There are over 200 breeds in existence in the doggy kingdom, and these breeds come in all different shapes and sizes. You get big dogs like Great Danes, medium-sized dogs like the Bearded Collie, small dogs like the French Bulldog and even miniatures. What makes every breed interesting is that they have individual markers they call their own – physical and personality traits that run throughout the breed.

So what do you do if you have a mixed breed dog? Say, a Labrador crossed with a cocker spaniel? Do you make this deduction based on appearance alone?

That doesn’t need to be the case. In the last few years, companies have emerged specialising in genetic testing, and in the article to follow, we’ll explain what it involves and why it might be useful for you.

Genetic testing helps you identify health risks

Every breed has its physical and psychological traits, but more importantly, every breed has a unique  set of health risks too. Saint Bernards typically get bone cancer; Golden Retrievers get hip problems; Cocker Spaniels heart disease. And as for the Bulldog – well, he has lots of problems to contend with.

Knowing your dog’s breeding background will help you look out for problems that might arise, and it’ll give you the ammunition to take steps to resolve potential problems.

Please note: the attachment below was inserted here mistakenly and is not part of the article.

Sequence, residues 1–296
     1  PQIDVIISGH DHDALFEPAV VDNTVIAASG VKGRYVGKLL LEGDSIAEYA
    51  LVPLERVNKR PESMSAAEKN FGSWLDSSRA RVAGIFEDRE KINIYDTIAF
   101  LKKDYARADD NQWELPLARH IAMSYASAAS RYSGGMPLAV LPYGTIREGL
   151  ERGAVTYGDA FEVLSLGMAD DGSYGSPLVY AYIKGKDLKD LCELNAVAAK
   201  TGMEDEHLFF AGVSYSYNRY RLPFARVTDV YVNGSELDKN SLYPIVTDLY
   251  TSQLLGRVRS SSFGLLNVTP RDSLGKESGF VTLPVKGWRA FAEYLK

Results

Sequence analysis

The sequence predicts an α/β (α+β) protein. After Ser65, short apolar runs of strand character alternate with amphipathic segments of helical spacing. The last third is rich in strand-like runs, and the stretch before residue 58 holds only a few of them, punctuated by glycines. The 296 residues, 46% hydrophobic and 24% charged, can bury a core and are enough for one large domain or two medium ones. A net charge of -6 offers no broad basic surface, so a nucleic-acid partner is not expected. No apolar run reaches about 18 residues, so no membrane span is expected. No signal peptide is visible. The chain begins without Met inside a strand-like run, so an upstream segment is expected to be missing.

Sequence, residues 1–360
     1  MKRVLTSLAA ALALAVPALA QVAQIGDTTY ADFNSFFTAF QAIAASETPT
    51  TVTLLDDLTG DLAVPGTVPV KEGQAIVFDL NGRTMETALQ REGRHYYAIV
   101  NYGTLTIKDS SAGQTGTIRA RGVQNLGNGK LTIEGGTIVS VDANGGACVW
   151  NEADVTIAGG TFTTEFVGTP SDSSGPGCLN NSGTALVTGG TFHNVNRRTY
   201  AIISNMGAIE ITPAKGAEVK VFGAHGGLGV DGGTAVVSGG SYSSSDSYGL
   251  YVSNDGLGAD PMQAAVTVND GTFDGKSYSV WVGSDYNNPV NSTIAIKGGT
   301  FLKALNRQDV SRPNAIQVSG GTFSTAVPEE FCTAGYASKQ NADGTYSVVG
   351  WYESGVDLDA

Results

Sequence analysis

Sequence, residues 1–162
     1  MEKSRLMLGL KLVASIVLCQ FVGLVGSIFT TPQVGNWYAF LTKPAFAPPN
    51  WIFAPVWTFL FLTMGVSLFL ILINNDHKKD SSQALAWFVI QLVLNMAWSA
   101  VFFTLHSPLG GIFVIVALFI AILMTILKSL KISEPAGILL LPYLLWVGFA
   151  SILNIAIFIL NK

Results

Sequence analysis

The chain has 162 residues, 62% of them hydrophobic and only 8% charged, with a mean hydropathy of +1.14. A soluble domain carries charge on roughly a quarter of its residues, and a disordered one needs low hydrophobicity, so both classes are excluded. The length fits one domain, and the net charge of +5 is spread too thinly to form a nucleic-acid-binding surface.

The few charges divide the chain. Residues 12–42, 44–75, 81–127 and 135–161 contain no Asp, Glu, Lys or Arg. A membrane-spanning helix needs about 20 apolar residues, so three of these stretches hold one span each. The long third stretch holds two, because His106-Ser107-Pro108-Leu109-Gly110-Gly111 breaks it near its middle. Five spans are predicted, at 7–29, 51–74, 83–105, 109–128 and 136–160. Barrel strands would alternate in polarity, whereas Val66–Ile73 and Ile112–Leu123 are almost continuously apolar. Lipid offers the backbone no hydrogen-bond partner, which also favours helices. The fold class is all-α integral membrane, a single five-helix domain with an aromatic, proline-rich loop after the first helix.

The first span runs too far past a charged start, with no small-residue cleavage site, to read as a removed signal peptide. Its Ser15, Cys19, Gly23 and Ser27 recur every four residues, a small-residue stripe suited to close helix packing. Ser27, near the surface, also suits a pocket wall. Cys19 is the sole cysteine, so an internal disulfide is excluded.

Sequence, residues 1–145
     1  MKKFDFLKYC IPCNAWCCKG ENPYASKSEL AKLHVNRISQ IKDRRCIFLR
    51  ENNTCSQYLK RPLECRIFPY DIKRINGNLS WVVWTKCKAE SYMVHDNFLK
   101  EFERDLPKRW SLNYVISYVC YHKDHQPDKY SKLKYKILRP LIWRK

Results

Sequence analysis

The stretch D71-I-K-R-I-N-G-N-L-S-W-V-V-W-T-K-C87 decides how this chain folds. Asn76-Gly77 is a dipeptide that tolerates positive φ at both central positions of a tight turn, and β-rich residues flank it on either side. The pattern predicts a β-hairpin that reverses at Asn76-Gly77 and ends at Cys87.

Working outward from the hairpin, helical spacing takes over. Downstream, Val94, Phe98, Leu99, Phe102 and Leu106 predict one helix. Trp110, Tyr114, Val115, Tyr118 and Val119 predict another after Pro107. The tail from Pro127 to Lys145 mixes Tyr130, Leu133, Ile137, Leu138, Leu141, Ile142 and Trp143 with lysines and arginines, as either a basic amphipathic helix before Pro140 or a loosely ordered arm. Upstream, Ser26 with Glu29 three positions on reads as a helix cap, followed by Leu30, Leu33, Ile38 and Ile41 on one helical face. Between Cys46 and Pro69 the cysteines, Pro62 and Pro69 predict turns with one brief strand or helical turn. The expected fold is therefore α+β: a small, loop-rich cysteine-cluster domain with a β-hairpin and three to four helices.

Genetic testing is relatively easy to do

A company like Embark will charge you $200 for a Dog DNA test. The kit will be shipped to your door, and in it, you’ll have a swab that you’ll run along the inside of your dog’s cheek. There’ll be instructions detailing exactly what to do, and a return envelope.

Choose a company that looks at a large number of genetic markers

Genetic markers are breed-specific traits. The more that are in review, the more accurate the findings will be. The best companies look at a couple of hundred thousand, so don’t plump for one that looks at fewer than 100,000.

Check Google reviews

A lot of brands will sport testimonials on their website; ignore these and check user-written reviews by searching for the company on Google.

Google reviews are often an excellent barometer of quality, and you’ll get impartial feedback from people just like you.

In the end, genetic testing isn’t as crucial as a regular trip to the vet, but it is a revealing insight into the type of dog you have on your hands. You can even use it on a purebred, with information dating back as far as the great grandparents, and evidence of any cross-breed mixing along the way.

A genetic testing kit is a very useful tool for veterinarians too; share the information you’ve gathered in an effort to safeguard your dog’s health going forward.

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